The Tie & Dye is a hippie chic decorative trend that is on the rise. Gradients of colors are inviting everywhere in the house: walls, furniture but also decorative objects. Zoom on a Tie and Dye decor for my house...
What is Tie & Dye?
Tie & Dye is a style that was discovered during the 1970s. In the textile field, the game of color gradients is obtained by knotting a piece of fabric ("tie" in English) before plunging the latter into dye ("dye" in English). Today, we find the Tie & Dye not only on the linen but also on the wallpapers, the walls not to mention the carpets. The colors come together in a very harmonious way to compose a typical seventies atmosphere.
A festival of colors
Originally, the Tie & Dye reflected intense colors, warm tones. Nowadays, we find mostly soft colors, for a romantic atmosphere. In any case, it's a style that adapts to any interior: modern, plush, traditional or retro.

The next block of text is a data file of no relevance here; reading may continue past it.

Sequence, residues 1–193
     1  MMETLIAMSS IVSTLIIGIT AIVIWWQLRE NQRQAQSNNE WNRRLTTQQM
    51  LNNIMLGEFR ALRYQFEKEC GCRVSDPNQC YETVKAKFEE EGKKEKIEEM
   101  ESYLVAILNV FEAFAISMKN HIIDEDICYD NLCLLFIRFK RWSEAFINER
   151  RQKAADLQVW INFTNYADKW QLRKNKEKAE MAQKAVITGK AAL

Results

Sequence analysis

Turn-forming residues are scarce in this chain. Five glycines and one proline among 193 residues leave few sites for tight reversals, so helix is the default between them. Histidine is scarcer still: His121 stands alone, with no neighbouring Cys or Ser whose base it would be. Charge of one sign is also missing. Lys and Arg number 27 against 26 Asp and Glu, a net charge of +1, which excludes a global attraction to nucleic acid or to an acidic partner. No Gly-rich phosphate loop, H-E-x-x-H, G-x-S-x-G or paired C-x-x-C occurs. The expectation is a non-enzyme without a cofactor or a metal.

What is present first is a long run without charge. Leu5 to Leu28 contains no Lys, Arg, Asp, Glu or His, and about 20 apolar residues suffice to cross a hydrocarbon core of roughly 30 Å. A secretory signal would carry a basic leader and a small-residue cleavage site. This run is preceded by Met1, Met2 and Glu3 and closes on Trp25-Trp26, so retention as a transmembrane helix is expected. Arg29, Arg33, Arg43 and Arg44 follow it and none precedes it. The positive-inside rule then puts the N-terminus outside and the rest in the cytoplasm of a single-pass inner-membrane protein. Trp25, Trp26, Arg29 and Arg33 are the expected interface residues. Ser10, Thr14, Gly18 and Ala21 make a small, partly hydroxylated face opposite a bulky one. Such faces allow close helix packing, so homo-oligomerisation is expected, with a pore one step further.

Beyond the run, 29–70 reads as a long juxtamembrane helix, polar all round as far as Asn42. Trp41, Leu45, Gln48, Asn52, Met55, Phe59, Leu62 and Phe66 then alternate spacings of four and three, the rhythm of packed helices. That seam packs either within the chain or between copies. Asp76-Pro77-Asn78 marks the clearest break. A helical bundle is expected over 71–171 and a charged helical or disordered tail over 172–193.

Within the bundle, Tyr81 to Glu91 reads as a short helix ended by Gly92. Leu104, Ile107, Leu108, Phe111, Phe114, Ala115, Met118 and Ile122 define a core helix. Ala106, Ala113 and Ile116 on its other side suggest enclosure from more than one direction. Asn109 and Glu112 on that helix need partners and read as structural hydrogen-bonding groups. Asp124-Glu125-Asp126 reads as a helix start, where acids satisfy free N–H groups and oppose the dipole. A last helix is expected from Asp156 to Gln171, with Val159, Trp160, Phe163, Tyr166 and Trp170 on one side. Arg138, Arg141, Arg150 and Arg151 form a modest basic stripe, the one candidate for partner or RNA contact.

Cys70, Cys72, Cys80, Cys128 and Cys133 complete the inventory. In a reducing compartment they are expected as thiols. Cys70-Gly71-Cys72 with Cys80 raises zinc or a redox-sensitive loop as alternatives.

And if the fashion is rather neutral tones, these can very well be combined with touches of bright colors to establish a deco of character. Among the essential colors of the moment, we find yellow, blue or pink but also gray or brown.
A Tie and Dye decor for my home
Thanks to the Tie & Dye, the color and gradient games guarantee a chic effect and resolutely trend. In the bedroom, in the dining room or in the living room, they are found at the level of curtains, sheets, plaids, carpets, tablecloths...
In the kitchen, you can bet on Tie & Dye tableware services. Anyway, the total look Tie & Dye is to be avoided. It is better to create the contrast and mix styles to showcase the overall decor of the house.
Do it yourself!
The good news for those with a creative talent is to create yourself Tie & dye parts. Whether it is fabrics or furniture, the principle is simple. We can repaint old furniture too rustic to customize them. To begin, repaint all the furniture in white. Then paint its drawers in three or four shades of the chosen color (pink, yellow, blue or gray). To create Tie & Dye fabrics, you have to rely on natural fabrics such as cotton or linen. The fabric has to be rolled up in such a way as to obtain a tight spiral before plunging it into a salty dye, the salt optimizing the fixation of the pigments.